AOP talks to Kola Karim, Chairman of Shoreline Natural Resources and AOP Advisory Board Member about the potential of Nigeria’s oil and gas sector and the key trends for the African energy sector in 2018.
What do you see as the key trends for Africa’s oil, gas and power sectors in 2018?
In regard to power, that there is a large supply-demand gap on the continent is no secret. This massive gap will take at least a generation to close and will ensure that there will continue to be many power projects being developed in the region. Africa is the premier investment destination for power investors. The political and economic climate across the continent has steadily improved over the several decades, making Africa a strong investment case for international developers. It is tough to operate and develop projects here and despite the frustration of long lead times associated with developing infrastructure projects, on a risk-return adjusted basis, Africa still boasts far better returns than developed markets. At Shoreline, we are very bullish on power and see a massive advantage in the continent’s abundant natural resources for power, such as good solar radiation, wind, hydro and biomass potential, gas resources, etc. Africa will continue to be a compelling investment case.
With regard to oil, financing costs are a continued challenge due to the recent downturn in the oil price. Many companies are still working through their financing challenges and this will likely continue. Alongside financing will be the need to focus on efficient asset operations in a competitive lower oil price environment. African oil and gas companies are looking to achieve a sustainable growth. The use of disruptive technology is undoubtedly going to be key regarding that and we find the American shale revolution instructive in creating a cost-adaptive oil business. We will need to learn from this to leapfrog our competitiveness using disruptive technologies and innovations to overcome the specific challenges of the African continent, and to propel the industry’s and businesses’ growth.
Which countries in Africa are the most attractive as investment destinations?
The top five destination countries — Angola, Egypt, Nigeria, Ghana, Côte d’Ivoire and Ethiopia — host 57 percent of the continent’s total FDI inflows. With the sectoral distribution being skewed towards the hydrocarbons and food processing industries, I think we will see these countries being the main beneficiaries of FDI. Flows to West Africa for instance are propelled by Nigeria and Ghana’s dominance in in hydrocarbons and cocoa processing projects.
What does 2018 hold for Nigeria’s oil and gas sector?
I think we will see a subset of the regional trends I mentioned above, writ large. Nigeria is the largest economy on the continent and the largest producer. Our industry is the barometer for the continent. Many of the sectoral trends are driven by activity in Nigeria.
Our theme for this year is Energy Coalitions. Do you expect Nigeria to cooperate more with African countries in its oil and gas industry in the future?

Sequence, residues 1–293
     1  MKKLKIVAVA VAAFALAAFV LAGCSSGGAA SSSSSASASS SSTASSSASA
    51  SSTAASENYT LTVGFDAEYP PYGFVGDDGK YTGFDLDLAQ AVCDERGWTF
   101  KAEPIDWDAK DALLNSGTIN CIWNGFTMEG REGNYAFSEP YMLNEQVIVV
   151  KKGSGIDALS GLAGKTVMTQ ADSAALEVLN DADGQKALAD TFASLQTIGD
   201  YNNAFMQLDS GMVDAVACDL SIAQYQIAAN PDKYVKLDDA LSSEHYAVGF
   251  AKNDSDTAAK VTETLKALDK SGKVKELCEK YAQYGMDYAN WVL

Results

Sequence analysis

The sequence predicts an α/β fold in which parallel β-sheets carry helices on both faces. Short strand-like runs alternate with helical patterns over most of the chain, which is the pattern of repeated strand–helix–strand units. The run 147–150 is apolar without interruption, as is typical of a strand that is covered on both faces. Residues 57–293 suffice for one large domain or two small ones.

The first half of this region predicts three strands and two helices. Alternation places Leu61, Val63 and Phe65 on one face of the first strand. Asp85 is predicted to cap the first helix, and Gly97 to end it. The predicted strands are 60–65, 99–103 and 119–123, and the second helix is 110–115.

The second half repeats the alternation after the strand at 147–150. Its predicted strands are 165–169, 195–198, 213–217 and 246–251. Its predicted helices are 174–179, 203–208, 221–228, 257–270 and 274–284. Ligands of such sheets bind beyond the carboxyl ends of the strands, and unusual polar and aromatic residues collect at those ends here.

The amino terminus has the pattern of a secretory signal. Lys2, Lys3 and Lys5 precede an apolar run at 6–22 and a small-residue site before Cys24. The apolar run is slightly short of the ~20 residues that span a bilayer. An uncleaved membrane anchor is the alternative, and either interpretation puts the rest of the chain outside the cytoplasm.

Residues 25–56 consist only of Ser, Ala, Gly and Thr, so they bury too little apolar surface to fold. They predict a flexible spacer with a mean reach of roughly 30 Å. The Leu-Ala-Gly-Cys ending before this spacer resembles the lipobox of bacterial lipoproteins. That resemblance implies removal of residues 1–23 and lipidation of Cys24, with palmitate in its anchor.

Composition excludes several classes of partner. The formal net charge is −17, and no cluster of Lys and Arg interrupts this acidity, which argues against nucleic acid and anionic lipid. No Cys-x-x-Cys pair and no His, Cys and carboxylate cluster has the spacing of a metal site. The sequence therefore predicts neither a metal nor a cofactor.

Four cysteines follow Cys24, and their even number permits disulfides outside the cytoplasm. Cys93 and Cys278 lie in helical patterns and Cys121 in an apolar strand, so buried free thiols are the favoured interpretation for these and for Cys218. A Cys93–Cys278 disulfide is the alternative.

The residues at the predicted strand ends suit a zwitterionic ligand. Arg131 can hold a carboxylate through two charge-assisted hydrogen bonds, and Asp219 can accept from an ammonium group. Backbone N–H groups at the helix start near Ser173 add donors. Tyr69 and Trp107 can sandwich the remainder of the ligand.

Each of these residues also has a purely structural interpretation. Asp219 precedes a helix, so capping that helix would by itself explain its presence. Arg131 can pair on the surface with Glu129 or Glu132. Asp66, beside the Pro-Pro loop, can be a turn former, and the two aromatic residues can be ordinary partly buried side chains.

Nigeria is an important member of OPEC despite our difficult relationship with the group. OPEC’s objectives are aligned with what is in Nigeria’s interest in the energy industry — a focus on a sustainable oil price. The industry dynamic is changing fast as traditional cartel-led price management is being undermined by massive technological innovation, as evidenced by the US shale revolution. To continue to maintain important oil-led revenues, Nigeria must find new partnerships and new ways to achieve sustainable income from the energy industry. Pan-African coordination is a viable long-term tool in Nigeria’s arsenal of policy, trade and partnership initiatives.
Africa’s lack of power generation is a serious impediment to growth. What steps should be taken to improve power capacity at the domestic and regional levels?
The key to driving capacity is to use private sector-led tools such as public private partnerships to build capacity. A lot of progress has been made in creating the correct legal and regulatory frameworks across the continent and especially in Nigeria. The choke point is the credit quality of the offtake, without this, projects cannot take off. We need to see the establishment of national and even regional credit enhancement bodies that use international bond and other instruments to improve the credit quality of projects and reduce the cost of capital for developers. These types of institutions and initiatives will see greater numbers of larger projects take off.
How do you see gas-to-power schemes impacting Africa’s and Nigeria’s power generation plans?
At Shoreline we believe gas is the future feedstock for power projects in Africa. Gas is plentiful across the continent from Mozambique to Nigeria and beyond. It is plentiful and a viable energy source producing cleaner, cheaper energy. Nigeria is a gas giant and unlocking gas will deliver significant benefits to the economy and specifically the power generation industry. The capital costs of unlocking this opportunity are significant, so an integrated approach to creating the right investment climate is critical to delivering on the promise of gas.